Peripheral artery disease (PAD) leads to narrowing and hardening of the arteries. This causes decreased blood flow, which can injure nerves and other tissues.
PAD is caused by "hardening of the arteries." This problem occurs when fatty material (plaque) builds up on the walls of your arteries and makes them narrower. The walls of the arteries also become stiffer and cannot widen (dilate) to allow greater blood flow when needed.
As a result, the muscles of your legs cannot get enough blood and oxygen when they are working harder (such as during exercise or walking). If PAD becomes severe, there may not be enough blood and oxygen, even when the muscles are resting.
PAD is a common disorder. It most often affects men over age 50, but women can have it as well. People are at higher risk if they have a history of:
- Abnormal cholesterol
- Heart disease (coronary artery disease)
- High blood pressure (hypertension)
- Kidney disease involving hemodialysis
- Stroke (cerebrovascular disease)
Peripheral Arterial Disease Symptoms
The main symptoms of PAD are pain, achiness, fatigue, burning, or discomfort in the muscles of your feet, calves, or thighs. These symptoms most often appear during walking or exercise, and go away after several minutes of rest.
- At first, these symptoms may appear only when you walk uphill, walk faster, or walk for longer distances.
- Slowly, these symptoms occur more quickly and with less exercise.
- Your legs or feet may feel numb when you are at rest. The legs also may feel cool to the touch, and the skin may look pale.
When PAD becomes severe, you may have:
- Pain and cramps at night
- Pain or tingling in the feet or toes, which can be so severe that even the weight of clothes or bed sheets is painful
- Pain that is worse when you elevate your legs, and improves when you dangle your legs over the side of the bed
- Skin that looks dark and blue
- Sores that do not heal
Peripheral Arterial Disease Treatment
Things you can do to control PAD include:
- Balance exercise with rest. Walk or do another activity to the point of pain and alternate it with rest periods. Over time, your circulation may improve as new, small blood vessels form. Always talk to the provider before starting an exercise program.
- Stop smoking. Smoking narrows the arteries, decreases the blood's ability to carry oxygen, and increases the risk of forming clots (thrombi and emboli).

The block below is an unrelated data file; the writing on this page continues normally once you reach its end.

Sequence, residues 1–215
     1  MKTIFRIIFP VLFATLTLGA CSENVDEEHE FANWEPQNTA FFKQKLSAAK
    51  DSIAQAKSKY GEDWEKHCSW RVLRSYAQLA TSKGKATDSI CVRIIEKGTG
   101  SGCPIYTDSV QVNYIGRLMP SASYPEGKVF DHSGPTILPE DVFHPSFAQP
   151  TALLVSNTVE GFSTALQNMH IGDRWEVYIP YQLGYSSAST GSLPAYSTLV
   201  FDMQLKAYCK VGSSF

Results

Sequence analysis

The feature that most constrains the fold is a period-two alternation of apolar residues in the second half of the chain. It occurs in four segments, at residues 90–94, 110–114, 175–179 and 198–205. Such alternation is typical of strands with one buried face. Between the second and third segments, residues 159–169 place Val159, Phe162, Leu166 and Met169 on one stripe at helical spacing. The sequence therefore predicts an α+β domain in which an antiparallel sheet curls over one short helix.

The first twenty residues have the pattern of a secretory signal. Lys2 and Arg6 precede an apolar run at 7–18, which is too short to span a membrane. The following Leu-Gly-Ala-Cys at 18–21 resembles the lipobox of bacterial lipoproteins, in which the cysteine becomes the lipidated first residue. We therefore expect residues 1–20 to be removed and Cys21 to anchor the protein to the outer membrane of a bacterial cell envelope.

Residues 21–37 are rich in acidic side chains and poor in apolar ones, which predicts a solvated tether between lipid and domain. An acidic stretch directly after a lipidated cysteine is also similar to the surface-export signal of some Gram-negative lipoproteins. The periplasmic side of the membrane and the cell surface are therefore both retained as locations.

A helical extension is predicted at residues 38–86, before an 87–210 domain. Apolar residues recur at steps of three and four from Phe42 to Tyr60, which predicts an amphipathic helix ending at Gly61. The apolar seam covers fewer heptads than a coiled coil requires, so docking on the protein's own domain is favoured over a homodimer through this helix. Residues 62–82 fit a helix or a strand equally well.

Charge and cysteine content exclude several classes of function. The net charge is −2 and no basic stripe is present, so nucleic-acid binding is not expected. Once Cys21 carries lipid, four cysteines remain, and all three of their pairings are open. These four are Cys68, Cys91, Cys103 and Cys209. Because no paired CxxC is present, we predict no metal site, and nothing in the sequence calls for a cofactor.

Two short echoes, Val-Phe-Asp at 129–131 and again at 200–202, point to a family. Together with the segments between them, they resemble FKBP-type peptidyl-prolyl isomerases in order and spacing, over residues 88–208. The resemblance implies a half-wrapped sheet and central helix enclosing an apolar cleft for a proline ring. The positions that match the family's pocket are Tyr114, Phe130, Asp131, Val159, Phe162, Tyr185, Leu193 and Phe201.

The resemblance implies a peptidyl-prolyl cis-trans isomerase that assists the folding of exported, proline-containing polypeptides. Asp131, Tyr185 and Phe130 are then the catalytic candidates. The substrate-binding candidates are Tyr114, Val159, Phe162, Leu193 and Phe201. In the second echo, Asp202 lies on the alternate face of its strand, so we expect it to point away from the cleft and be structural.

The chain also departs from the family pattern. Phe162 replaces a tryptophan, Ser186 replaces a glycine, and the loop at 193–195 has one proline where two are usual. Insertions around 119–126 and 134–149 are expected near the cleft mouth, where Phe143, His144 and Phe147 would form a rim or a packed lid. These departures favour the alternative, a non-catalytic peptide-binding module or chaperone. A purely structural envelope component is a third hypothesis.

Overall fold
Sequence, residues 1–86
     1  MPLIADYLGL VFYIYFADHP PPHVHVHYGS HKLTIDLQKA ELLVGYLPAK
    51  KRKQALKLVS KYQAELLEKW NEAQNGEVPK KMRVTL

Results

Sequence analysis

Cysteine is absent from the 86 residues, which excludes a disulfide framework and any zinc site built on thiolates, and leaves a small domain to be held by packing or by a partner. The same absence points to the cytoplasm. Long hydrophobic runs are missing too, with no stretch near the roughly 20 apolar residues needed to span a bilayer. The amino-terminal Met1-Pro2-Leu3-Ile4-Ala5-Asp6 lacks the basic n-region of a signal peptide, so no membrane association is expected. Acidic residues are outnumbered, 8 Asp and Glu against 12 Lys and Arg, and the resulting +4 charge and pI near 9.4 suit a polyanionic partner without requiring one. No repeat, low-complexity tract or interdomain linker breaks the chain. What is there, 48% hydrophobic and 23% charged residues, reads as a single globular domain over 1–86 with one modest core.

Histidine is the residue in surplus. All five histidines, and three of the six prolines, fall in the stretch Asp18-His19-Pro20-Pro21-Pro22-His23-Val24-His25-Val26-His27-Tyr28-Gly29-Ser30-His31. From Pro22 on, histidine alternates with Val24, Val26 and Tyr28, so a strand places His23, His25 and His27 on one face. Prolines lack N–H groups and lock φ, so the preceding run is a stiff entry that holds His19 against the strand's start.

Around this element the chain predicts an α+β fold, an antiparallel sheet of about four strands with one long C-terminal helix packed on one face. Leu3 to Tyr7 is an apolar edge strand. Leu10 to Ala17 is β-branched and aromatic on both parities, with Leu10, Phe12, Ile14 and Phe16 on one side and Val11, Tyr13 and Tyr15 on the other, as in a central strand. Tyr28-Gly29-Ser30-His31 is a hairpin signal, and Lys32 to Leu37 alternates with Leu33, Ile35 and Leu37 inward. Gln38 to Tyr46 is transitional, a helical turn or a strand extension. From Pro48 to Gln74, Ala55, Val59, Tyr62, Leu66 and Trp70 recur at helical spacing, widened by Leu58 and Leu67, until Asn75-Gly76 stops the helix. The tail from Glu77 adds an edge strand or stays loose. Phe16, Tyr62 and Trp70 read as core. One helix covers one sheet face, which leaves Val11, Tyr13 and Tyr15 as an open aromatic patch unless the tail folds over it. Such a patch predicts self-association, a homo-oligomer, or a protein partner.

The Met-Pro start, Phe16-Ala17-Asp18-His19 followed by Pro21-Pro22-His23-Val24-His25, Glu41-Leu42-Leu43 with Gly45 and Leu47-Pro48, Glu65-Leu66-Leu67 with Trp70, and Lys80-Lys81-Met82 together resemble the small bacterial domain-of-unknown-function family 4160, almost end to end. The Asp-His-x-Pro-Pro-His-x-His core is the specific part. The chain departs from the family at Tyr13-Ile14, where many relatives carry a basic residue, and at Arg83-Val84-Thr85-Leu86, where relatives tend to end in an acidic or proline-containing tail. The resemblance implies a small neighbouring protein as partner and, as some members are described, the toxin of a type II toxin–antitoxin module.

- Take care of your feet, especially if you also have diabetes. Wear shoes that fit properly. Pay attention to any cuts, scrapes, or injuries, and see your provider right away. Tissues heal slowly and are more likely to get infected when there is decreased circulation.
- Make sure your blood pressure is well-controlled.
- If you are overweight, reduce your weight.
- If your cholesterol is high, eat a low-cholesterol and low-fat diet.
- Monitor your blood sugar level if you have diabetes, and keep it under control.
Medicines may be needed to control the disorder, including:
- Aspirin or a medicine called clopidogrel (Plavix), which keeps your blood from forming clots in your arteries. DO NOT stop taking these medicines without first talking with your provider.
- Cilostazol, a drug that works to enlarge (dilate) the affected artery or arteries for moderate-to-severe cases that are not candidates for surgery.
- Medicine to help lower your cholesterol.
- Pain relievers.
If you are taking medicines for high blood pressure or diabetes, take them as your provider has prescribed.
Surgery may be performed if the condition is severe and is affecting your ability to work or do important activities, you are having pain at rest, or you have sores or ulcers on your leg that do not heal. Options are:
- Procedure to open narrowed or blocked blood vessels that supply blood to your legs
- Surgery to reroute the blood supply around a blocked artery
Some people with PAD may need to have the limb removed (amputated).